The earliest swimming pools in southern Africa were tidal pools, formed on the rocks from rough cement walls. Today at least one of those pools is a full size Olympic pools - the Sea Point pools, and one achieved such notoriety that it was demolished. The colonial British built these tidal pools along the Cape peninsula, and their resort towns along Natal south coast. Besides the few fishing and commercial towns, settlements along the coast developed mainly as resorts, developed by farmers from the interior, and wealthy city dwellers, who liked to enjoy their Christmas holidays at the beach. Few of these have tidal pools, as can clearly be seen on the map.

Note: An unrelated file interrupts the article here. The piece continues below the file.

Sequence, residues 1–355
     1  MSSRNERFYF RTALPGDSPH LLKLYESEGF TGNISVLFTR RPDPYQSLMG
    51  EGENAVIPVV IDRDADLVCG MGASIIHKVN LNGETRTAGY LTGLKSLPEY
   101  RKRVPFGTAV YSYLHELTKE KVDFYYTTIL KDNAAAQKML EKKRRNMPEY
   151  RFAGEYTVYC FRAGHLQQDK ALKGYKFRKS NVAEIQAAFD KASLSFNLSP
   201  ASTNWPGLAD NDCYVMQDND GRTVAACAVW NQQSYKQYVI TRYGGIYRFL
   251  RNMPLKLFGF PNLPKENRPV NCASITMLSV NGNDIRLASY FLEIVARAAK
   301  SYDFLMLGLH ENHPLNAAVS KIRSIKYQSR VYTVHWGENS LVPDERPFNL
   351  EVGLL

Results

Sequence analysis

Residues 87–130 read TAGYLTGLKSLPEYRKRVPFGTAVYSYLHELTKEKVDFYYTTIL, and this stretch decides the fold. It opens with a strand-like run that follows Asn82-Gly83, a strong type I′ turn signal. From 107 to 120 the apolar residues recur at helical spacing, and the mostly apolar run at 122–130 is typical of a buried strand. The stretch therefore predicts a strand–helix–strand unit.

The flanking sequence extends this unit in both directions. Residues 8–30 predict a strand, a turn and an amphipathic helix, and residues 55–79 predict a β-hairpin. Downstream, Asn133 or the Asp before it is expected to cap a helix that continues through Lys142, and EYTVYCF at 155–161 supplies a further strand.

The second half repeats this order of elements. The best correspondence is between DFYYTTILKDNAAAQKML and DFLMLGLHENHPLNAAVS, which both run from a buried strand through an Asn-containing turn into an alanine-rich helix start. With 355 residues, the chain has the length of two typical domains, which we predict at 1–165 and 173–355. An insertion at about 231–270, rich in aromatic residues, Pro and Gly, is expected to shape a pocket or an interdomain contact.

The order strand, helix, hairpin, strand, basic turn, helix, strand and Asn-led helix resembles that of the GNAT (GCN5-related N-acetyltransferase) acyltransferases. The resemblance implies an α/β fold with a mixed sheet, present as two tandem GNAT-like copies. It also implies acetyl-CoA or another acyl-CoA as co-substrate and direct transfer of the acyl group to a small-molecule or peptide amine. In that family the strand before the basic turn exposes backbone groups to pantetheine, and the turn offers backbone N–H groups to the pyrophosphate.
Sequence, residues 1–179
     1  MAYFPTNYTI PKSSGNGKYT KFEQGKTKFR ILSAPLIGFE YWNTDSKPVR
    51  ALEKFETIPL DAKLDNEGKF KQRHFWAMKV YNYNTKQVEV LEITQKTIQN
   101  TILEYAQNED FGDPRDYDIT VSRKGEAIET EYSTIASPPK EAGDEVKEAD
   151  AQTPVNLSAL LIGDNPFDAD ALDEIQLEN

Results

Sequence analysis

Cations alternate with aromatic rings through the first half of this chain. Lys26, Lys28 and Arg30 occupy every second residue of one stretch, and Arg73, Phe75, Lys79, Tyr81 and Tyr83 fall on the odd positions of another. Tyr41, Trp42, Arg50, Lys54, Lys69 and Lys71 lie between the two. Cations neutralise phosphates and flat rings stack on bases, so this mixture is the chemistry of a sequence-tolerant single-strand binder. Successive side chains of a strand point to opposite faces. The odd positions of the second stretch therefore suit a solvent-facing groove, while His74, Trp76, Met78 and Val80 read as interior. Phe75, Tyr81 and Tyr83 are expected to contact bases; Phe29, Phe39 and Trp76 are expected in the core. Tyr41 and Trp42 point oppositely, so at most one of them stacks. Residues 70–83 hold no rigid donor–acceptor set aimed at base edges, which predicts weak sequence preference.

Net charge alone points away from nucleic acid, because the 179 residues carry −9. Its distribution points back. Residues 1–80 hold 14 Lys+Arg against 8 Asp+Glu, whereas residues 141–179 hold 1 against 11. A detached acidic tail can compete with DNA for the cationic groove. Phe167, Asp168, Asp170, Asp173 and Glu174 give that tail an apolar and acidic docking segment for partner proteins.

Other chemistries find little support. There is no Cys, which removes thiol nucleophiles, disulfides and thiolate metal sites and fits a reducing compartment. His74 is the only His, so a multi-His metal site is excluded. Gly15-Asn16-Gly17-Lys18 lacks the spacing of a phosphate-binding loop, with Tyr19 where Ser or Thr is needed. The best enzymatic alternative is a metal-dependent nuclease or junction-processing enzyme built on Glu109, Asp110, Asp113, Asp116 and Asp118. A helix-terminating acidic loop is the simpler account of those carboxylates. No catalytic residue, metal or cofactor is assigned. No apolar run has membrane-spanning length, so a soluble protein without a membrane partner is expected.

Along the cold Atlantic coast there are very few tidal pools, as the holidaymakers came mainly to fish, while Natal has numerous resort towns along the coast, washed by the warm waters of the Indian Ocean, and each has a tidal swimming pool. Aside from Natal towns, the resort towns in the Cape were often remote and largely without permanent inhabitants. Changes in recent years have prompted many people to escape the cities and occupy the resorts on a permanent basis.
There are only three existing tidal pools along the atlantic coast north of Cape Town.